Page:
The complainant commenced work with G4S Security Services as a sales consultant in 1991. She was promoted to Operations Manager in 1998. The complainant was out sick between October 2001 and January 2002 and on her return she agreed with G4S Security Services to change to working a three day week.
G4S Security Services was taken over in 2003 and the new structure had two divisions whereas the old one had three. As the business grew a new person was taken on as a Contracts Manager. The complainant, the new Contracts Manager and their manager met on a weekly basis. The complainant and Contracts Manager shared an office and when the Contracts Manager received a call from their manager on her mobile the Contracts Manager would leave the office. The weekly meetings were shifted to Friday, which was one of the two days the complainant did not work. There were no minutes kept of the meetings.
By September / October 2004 the complainant felt out of the loop. At a staff conference in November both the Contracts Manager and her boss were shown on the organisation chart but the complainant was not. The company stated this was because the meeting had an ‘operational focus’.
The complainant was not informed of another meeting with a potential client in December 2004, but some days later was asked to price the job. She asked her boss if she was to be made redundant but was assured that he had plenty of work for her.
In January 2005, the Contracts Manager organised training for staff, which was previously the role and responsibility of the complainant . A short time after this, she heard from a staff member in administration that she was to be moved out into an open plan office. The company claimed this was after the merger with Securicor and there was a problem with office space.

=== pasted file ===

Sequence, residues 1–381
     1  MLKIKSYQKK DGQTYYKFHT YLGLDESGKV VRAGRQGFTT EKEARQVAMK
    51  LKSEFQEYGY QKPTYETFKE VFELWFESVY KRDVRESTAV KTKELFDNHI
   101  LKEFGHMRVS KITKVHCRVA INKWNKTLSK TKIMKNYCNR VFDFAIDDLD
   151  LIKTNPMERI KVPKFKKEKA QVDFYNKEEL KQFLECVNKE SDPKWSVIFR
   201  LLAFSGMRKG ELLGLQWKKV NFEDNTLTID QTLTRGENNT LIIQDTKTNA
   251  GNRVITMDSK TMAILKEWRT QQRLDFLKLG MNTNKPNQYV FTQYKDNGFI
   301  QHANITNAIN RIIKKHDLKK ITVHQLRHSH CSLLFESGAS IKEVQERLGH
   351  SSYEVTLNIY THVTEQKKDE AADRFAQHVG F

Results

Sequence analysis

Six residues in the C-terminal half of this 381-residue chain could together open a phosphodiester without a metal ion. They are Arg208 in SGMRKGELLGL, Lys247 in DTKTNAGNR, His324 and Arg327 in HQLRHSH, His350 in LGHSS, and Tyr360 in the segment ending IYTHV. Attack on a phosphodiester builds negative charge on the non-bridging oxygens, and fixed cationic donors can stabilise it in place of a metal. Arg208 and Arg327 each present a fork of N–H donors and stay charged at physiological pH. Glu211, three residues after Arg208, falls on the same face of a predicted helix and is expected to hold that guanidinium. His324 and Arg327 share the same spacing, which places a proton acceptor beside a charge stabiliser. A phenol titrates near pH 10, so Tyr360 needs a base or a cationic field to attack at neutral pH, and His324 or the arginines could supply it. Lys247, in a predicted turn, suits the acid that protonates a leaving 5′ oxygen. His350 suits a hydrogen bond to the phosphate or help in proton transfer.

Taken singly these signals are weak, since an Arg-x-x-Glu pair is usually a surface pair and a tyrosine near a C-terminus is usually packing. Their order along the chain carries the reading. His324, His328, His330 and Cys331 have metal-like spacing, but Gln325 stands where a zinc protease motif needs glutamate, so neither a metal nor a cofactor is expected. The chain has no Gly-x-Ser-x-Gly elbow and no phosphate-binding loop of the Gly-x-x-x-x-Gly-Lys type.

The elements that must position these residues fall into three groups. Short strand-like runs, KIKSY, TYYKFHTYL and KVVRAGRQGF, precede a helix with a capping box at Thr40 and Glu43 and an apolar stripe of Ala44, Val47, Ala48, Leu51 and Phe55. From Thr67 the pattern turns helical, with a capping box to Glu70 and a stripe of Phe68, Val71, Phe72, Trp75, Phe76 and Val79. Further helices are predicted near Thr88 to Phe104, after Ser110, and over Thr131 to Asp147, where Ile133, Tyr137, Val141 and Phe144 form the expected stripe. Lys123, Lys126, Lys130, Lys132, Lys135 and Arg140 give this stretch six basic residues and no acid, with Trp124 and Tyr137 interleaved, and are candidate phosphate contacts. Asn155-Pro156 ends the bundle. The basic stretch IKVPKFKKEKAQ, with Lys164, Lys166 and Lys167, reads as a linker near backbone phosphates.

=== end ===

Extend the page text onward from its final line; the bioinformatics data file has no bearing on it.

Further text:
The complainant organised a meeting with her boss to discuss her role and responsibility. Her boss asked where she thought she would fit and she said her job was in sales but he said there would be no “double jobbing”. He advised her that customer service would be part of her new role but she was unhappy as she perceived this a demotion. Further to this meeting, the complainant had a question about some of the contracts she was asked to work on and was advised to check it with the Contracts Manager. The complainant went on holidays and didn’t return as she felt her position had become untenable.
In March 2005, at a meeting with the Managing Director, the complainant claimed she was told that she lost her management position when she changed to a three day week and was now junior to the Contracts Manager. He asked if she wished to return to work in the position of Contracts Manager. He said there was no more he could do for her.
Compensation for Constructive Dismissal
The Tribunal concluded that the complainant was constructively dismissed and awarded her €55,000.
Case: Stephanie Cullen v G4S Security Services (Ireland) Ltd, Employment Appeals Tribunal, 2007
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